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Veney v. Starbucks Corp.

UNITED STATES DISTRICT COURT FOR THE DISTRICT OF COLUMBIA


June 19, 2008

GAIL VENEY, PLAINTIFF,
v.
STARBUCKS CORPORATION, DEFENDANT.

The opinion of the court was delivered by: Ricardo M. Urbina United States District Judge

Document No.: 6

MEMORANDUM OPINION GRANTING THE DEFENDANT'S MOTION TO TRANSFER THE CASE TO THE UNITED STATES DISTRICT COURT FOR THE EASTERN DISTRICT OF VIRGINIA

I. INTRODUCTION

The plaintiff, Gail Veney, brings suit against Starbucks Corporation, alleging acts of negligence in violation of Virginia common law related to her drinking tainted coffee at a Starbucks location in Alexandria, Virginia. The defendant moves to transfer the case to the United States District Court for the Eastern District of Virginia ("the Eastern District of Virginia" or "the transferee district"). The plaintiff contests the defendant's motion to transfer, but because the proposed transfer is appropriate pursuant to 28 U.S.C. § 1404, the court grants the defendant's motion and transfers the case to the Eastern District of Virginia.*fn1

II. BACKGROUND

A. Factual History

On or about April 28, 2005, the plaintiff, a resident of the state of Virginia, visited the defendant's property located at 6754 Richmond Highway in Alexandria, Virginia. Compl. ¶¶ 5-6. The plaintiff ordered a cup of coffee but received a cup that allegedly contained a mixture of coffee and cleaning solution. See id. ¶ 11. After drinking it, the plaintiff immediately became nauseous and vomited. Id. at 8. Having sustained injuries to her tongue, throat and vocal cords, id. ¶ 14, the plaintiff went to the emergency room of Inova Mount Vernon Hospital in Alexandria, Virginia on that same day. Def.'s Mot. to Transfer ("Def.'s Mot.") at 7 & Ex. A. The plaintiff subsequently underwent two surgeries in the District of Columbia. Compl. ¶ 14, Pl.'s Opp'n at 3, Def.'s Mot., Ex. D. All other physicians who treated the plaintiff, of which there are at least four, work in Virginia. Def.'s Mot., Exs. A, B and C.

B. Procedural History

On April 2, 2007, the plaintiff filed suit in the Superior Court for the District of Columbia, alleging that the defendant was negligent in failing to maintain a safe environment for its business invitees, improperly serving business invitees food and drink that did not pass health codes and disregarding applicable safety codes and regulations. Compl. ¶¶ 12-13. Further, the plaintiff claims that the defendant's negligence directly and proximately caused the plaintiff's injuries, which include but are not limited to unspecified damage to her tongue, throat and vocal cords. Id. ¶ 14. In May 2007, the defendant removed the action to this court and thereafter moved to transfer the action to the Eastern District of Virginia. The court now turns to the defendant's motion to transfer.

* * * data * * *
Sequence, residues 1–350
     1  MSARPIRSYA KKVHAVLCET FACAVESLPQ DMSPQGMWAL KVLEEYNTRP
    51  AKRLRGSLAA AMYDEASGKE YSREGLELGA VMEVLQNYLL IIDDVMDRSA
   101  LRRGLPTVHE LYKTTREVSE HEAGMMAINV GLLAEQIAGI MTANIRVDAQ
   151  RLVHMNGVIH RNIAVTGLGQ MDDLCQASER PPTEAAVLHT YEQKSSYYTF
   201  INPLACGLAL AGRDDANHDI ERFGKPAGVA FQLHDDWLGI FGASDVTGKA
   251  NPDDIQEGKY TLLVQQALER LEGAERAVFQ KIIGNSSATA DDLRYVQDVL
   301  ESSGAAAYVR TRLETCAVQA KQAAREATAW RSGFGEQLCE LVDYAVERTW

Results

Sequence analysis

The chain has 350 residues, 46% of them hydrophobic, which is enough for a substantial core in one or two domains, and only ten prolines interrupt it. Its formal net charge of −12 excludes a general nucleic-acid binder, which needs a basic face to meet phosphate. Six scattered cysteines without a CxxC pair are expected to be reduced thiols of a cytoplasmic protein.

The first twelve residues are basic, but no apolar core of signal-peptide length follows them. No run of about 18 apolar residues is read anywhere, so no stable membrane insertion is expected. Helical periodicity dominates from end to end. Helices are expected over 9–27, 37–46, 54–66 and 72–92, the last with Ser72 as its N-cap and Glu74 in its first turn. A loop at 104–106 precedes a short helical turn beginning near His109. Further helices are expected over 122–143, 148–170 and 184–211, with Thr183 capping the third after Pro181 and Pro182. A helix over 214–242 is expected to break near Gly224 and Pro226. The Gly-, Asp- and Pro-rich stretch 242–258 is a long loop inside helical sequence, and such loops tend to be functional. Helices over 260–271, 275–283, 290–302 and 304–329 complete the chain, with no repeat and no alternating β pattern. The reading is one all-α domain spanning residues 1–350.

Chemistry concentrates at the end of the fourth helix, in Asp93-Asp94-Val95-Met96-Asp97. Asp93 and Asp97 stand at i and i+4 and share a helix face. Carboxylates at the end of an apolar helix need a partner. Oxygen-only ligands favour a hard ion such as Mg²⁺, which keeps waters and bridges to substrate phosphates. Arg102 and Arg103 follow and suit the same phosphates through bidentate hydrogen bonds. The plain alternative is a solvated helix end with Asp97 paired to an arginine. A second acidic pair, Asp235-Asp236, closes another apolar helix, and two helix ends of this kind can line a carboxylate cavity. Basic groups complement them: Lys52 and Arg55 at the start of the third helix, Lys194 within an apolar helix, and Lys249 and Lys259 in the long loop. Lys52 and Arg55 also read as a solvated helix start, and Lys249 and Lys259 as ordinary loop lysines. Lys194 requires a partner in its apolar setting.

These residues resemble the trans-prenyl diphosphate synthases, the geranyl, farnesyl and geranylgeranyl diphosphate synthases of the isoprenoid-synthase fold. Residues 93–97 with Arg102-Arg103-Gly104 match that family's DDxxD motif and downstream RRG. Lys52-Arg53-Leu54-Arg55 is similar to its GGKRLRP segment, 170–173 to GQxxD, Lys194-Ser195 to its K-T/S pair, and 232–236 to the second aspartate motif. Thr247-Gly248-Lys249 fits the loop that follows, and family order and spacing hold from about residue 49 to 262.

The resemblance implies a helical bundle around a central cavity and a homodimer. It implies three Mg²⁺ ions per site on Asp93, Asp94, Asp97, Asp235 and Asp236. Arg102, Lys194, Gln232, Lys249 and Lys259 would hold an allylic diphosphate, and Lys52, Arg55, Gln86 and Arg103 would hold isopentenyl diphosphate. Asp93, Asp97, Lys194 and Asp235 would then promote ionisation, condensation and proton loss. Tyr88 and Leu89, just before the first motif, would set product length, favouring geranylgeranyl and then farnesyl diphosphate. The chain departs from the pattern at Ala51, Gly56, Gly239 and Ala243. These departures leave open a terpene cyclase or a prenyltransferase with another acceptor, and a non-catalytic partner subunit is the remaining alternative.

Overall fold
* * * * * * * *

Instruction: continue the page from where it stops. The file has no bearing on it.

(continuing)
III. ANALYSIS

A. Legal Standard for Venue under 28 U.S.C. § 1391(a) and Transfer Pursuant to 28 U.S.C. § 1404(a)

When federal jurisdiction is premised solely on diversity, 28 U.S.C. § 1391(a) controls venue, establishing that venue is proper in: (1) a judicial district where any defendant resides, if all defendants reside in the same State, (2) a judicial district in which a substantial part of the events or omissions giving rise to the claim occurred, or a substantial part of property that is the subject of the action is situated, or (3) a judicial district in which any defendant is subject to personal jurisdiction at the time the action is commenced, if there is no district in which the action may otherwise be brought. 28 U.S.C. § 1391(a).

In an action where venue is proper, 28 U.S.C. § 1404(a) nonetheless authorizes a court to transfer a civil action to any other district where it could have been brought "for the convenience of parties and witnesses, in the interest of justice[.]" 28 U.S.C. § 1404(a). Section 1404(a) vests "discretion in the district court to adjudicate motions to transfer according to [an] individualized, case-by-case consideration of convenience and fairness." Stewart Org., Inc. v. Ricoh Corp., 487 U.S. 22, 27 (1988) (quoting Van Dusen v. Barrack, 376 U.S. 612, 622 (1964)). Under this statute, the moving party bears the burden of establishing that transfer is proper. Trout Unlimited v. Dep't of Agric., 944 F. Supp. 13, 16 (D.D.C. 1996).

Accordingly, the defendant must make two showings to justify transfer. First, the defendant must establish that the plaintiff originally could have brought the action in the proposed transferee district. Van Dusen, 376 U.S. at 622. Second, the defendant must demonstrate that considerations of convenience and the interest of justice weigh in favor of transfer to that district. Trout Unlimited, 944 F. Supp. at 16. As to the second showing, the statute calls on the court to weigh a number of case-specific private and public-interest factors. Stewart Org., 487 U.S. at 29. The private-interest considerations include: (1) the plaintiff's choice of forum, unless the balance of convenience is strongly in favor of the defendants; (2) the defendant's choice of forum; (3) whether the claim arose elsewhere; (4) the convenience of the parties; (5) the convenience of the witnesses, but only to the extent that the witnesses may actually be unavailable for trial in one of the fora; and (6) the ease of access to sources of proof. Trout Unlimited, 944 F. Supp. at 16 (citing Jumara v. State Farm Ins. Co., 55 F.3d 873, 879 (3d Cir. 1995); Heller Fin., Inc. v. Riverdale Auto Parts, Inc., 713 F. Supp. 1125, 1129 (N.D. Ill. 1989); 15 FED. PRAC. & PROC. § 3848). The public-interest considerations include: (1) the transferee's familiarity with the governing laws; (2) the relative congestion of the calendars of the potential transferee and transferor courts; and (3) the local interest in deciding local controversies at home. Id.

B. The Court Transfers the Case to the Eastern District of Virginia

The defendant asserts that the Eastern District of Virginia is the proper venue pursuant to 28 U.S.C. §1391(a) because that district is more convenient for the parties and most of the witnesses currently reside and are employed in Virginia. Def.'s Mot. at 10. Further, the defendant highlights that the public interest factors weigh in favor of transferring this action and that, therefore, transfer is proper under 28 U.S.C. § 1404(a). Id. The plaintiff counters by claiming she has demonstrated that she is entitled to deference to her choice of forum and that the defendant has failed to meet its burden of establishing that the Eastern District of Virginia is the more convenient forum. Pl.'s Opp'n at 6. The court, however, agrees with the defendant.